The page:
By DOUG FERGUSON
AP Golf Writer
HONOLULU -- Jimmy Walker would love to have a fairy-tale finish at the Sony Open. Given the bad memories from this place, he was thrilled Thursday with the first chapter.
Walker hit 7-iron to 12 feet below the flag on the par-5 ninth to finish with an eagle for a 5-under 65, giving him a one-shot lead among the early starters in surprisingly calm conditions at Waialae Country Club.
Chad Campbell and Rory Sabbatini, who made their '08 debut last week at the winners-only Mercedes-Benz Championship, were among a half-dozen players at 66.
Tadd Fujikawa, meanwhile, was headed for a short week.
One year after he became the youngest player (16) in 50 years to make the cut on the PGA Tour, Fujikawa never recovered from a double bogey on the second hole. He didn't make birdie until No. 12 and wound up with a 74, leaving him a long shot to earn his first paycheck since turning pro last summer. This is eighth event as a pro.
"I had a rough day," Fujikawa said. "I've got to shoot a good round tomorrow to make the cut. I think I can do it. Anything is possible."
Golf Channel began its broadcast without anchor Kelly Tilghman, serving a two-week suspension for saying with a laugh last week that the best way young players could take down Tiger Woods would be to "lynch him in a back alley."
She was replaced in the booth Friday by Rich Lerner.
Walker is a big hitter from Texas who was the Nationwide Tour player of the year in 2004 and had high hopes for his rookie season on the PGA Tour when he came to the Sony Open in 2005. But he never made it to the first tee.
While hitting balls on the practice range that Monday, he felt his neck get stiff and was in so much pain he was taken to the emergency room for tests. He found out he had a bulging disk in his neck, and wound up playing only nine events that year. So he tried again the following season, only to shoot 80 in the first round and miss the cut.
Walker, who turns 29 next week, earned his way back to the big leagues after finishing 25th on the Nationwide money list, earning the last card. He was surprised his status got him in the Sony Open, and he came over to Hawaii with mixed emotions.
"When I saw I was getting in, I was like, 'Oh, good. I get to go back to Hawaii.' I've got some good memories," he said, smiling wryly. "My wife stayed home; it hasn't been a great couple of trips for us. When you get in, you've got to play."
The blessing was playing well, starting with a birdie on No. 10, his first hole of a new season. He kept moving right along, using short irons from fairway and thick rough to get it close enough to make some putts, then finishing on the easy par-5 ninth with a 322-yard drive that left him a 7-iron for his second shot, and putt that put him atop the leaderboard.
"Too early for that," Walker said. "I just want to keep playing well. You'd love for the fairy-tale ending, but there's a lot of golf left. I feel good, and I hit it well, and I'm putting well. Just keep all that going, and it'll be good."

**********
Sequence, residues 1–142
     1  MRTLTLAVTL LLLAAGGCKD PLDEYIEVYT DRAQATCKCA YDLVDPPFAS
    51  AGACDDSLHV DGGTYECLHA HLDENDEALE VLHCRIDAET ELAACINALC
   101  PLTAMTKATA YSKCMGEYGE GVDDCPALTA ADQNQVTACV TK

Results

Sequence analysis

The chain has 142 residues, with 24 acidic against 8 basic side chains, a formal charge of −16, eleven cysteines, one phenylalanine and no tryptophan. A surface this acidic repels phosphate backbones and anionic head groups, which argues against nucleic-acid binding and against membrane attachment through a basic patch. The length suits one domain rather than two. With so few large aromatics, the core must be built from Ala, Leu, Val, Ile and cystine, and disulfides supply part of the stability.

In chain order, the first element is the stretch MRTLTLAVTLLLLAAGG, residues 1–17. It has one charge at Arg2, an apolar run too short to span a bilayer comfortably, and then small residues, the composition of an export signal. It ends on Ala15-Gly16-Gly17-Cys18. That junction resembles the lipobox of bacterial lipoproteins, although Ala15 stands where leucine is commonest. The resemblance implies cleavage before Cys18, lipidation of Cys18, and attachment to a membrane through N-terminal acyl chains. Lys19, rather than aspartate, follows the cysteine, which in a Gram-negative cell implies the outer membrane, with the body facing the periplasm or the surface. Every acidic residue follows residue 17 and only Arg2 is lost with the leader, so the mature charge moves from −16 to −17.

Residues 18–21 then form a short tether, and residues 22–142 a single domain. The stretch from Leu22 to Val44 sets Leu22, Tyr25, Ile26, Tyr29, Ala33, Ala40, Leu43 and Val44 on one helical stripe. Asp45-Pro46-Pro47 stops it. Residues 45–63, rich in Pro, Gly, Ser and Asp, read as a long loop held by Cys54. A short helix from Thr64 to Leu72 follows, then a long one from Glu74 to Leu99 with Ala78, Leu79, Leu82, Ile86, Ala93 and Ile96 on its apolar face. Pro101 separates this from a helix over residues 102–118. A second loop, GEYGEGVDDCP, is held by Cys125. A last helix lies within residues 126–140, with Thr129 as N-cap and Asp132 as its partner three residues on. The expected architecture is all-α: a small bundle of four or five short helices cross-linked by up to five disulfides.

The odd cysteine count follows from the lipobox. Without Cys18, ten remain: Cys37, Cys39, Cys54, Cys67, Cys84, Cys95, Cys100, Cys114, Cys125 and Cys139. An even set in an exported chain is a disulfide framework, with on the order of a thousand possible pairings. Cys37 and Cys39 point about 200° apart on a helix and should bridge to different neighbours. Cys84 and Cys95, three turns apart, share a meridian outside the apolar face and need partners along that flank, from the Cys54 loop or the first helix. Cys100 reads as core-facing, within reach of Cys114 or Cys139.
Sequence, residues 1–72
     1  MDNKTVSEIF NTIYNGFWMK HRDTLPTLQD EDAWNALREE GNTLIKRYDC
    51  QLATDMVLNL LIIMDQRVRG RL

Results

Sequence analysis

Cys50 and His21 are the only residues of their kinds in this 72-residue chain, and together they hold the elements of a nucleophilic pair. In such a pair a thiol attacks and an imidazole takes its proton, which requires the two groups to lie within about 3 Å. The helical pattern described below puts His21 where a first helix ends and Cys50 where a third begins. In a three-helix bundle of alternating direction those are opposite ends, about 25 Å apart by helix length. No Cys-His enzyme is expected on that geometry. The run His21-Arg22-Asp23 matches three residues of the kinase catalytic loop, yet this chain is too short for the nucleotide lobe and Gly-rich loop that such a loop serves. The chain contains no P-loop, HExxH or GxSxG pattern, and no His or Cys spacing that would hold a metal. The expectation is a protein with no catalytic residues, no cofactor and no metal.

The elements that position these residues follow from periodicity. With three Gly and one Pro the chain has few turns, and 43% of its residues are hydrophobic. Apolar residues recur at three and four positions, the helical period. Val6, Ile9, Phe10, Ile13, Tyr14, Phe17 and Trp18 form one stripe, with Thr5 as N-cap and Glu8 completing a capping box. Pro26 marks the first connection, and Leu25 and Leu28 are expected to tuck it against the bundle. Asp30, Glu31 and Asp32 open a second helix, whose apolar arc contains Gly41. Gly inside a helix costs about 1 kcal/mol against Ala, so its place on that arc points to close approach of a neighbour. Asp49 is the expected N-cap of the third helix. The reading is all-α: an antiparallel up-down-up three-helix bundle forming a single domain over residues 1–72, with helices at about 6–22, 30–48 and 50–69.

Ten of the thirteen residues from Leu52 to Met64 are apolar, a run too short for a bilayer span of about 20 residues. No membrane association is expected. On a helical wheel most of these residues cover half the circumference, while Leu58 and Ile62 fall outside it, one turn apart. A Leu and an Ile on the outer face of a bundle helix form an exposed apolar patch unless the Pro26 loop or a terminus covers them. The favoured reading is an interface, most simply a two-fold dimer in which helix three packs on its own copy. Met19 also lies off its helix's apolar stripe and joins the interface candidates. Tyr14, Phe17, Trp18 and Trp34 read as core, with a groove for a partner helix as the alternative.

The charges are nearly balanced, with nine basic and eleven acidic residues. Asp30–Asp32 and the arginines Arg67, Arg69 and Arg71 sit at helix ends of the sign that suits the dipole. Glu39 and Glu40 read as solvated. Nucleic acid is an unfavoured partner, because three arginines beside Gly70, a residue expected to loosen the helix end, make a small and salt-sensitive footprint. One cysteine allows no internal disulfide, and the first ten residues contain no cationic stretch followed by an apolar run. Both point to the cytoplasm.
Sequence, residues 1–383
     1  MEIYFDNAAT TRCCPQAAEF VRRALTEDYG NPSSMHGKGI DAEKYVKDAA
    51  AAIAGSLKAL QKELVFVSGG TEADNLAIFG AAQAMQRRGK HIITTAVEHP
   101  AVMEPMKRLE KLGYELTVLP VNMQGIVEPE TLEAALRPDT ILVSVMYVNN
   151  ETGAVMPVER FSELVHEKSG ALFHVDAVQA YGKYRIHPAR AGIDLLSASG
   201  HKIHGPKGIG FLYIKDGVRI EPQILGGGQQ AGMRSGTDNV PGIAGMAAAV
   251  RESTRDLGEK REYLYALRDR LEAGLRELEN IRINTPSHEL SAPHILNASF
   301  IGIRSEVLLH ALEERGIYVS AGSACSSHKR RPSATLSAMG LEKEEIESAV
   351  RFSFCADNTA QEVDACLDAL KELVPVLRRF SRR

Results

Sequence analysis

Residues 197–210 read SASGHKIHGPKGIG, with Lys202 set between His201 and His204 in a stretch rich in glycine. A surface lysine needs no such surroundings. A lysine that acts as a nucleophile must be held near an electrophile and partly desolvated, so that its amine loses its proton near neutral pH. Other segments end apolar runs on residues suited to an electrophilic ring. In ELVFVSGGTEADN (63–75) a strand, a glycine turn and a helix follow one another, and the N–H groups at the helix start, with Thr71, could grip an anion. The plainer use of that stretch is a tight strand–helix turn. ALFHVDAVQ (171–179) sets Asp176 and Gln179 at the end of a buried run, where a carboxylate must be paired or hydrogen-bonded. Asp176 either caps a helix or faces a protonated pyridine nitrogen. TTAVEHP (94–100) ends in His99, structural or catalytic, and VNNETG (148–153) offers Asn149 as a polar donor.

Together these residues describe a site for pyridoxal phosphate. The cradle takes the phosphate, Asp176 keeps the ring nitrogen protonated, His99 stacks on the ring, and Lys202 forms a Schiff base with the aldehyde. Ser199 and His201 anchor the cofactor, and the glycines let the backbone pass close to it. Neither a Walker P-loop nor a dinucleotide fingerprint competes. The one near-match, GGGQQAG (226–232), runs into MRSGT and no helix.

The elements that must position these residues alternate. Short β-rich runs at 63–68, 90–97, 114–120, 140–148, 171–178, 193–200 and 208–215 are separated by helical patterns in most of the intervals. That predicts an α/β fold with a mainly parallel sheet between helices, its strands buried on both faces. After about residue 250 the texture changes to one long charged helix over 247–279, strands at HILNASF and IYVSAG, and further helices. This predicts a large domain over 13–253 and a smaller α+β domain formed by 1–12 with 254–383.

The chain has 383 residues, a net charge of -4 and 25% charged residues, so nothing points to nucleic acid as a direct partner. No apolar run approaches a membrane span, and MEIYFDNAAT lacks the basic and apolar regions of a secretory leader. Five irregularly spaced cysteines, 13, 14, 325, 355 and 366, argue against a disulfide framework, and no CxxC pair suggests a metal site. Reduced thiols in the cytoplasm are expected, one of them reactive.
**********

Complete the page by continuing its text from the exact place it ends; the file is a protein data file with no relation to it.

It was a good day for most, especially with only a trace of wind.
What kept the scores from being lower in such calm conditions was the rough, which is thicker than ever because of all the rain last month. The grass doesn't look like the hay found at some majors, but with this Bermuda grass, the ball sinks to the bottom and makes it tough to get anywhere near the flag, or even on the green.
Campbell found that out immediately when his tee shot disappeared into the rough and he could only hit wedge out, leading to bogey. Then came an 8-iron that one-hopped into the hole on No. 3 for eagle, and he was on his way.
"If you get the ball in the fairway, you've got a chance to do something," Campbell said.
For all the bad vibes that Walker had about Waialae, Campbell sees nothing but opportunity. He played in the final group two years ago with David Toms, finishing five shots behind.
Sabbatini also was runner-up that year and he presumably likes Waialae, although he refused to speak to reporters about his 66 or his eagle on the final hole that put him atop the leaderboard at the time.
Also at 66 was Kenneth Ferrie of England, who joined the PGA Tour this year. Ferrie hasn't been heard from in this country since he played in the final group with Phil Mickelson at Winged Foot in the 2006 U.S. Open, which ended poorly for both of them.
Playing in the group ahead of Fujikawa was the other teenager at the Sony Open, 17-year-old amateur Alex Ching. His only birdie came at No. 9, and he shot a 72.
Michelle Wie is not playing for the first time in five years, which was duly noted by a sign in the backyard of a house along the first fairway. A year ago, the same homeowner posted a sign that said, "Wie, Why?" This time, the poster said, "Wie, Where?"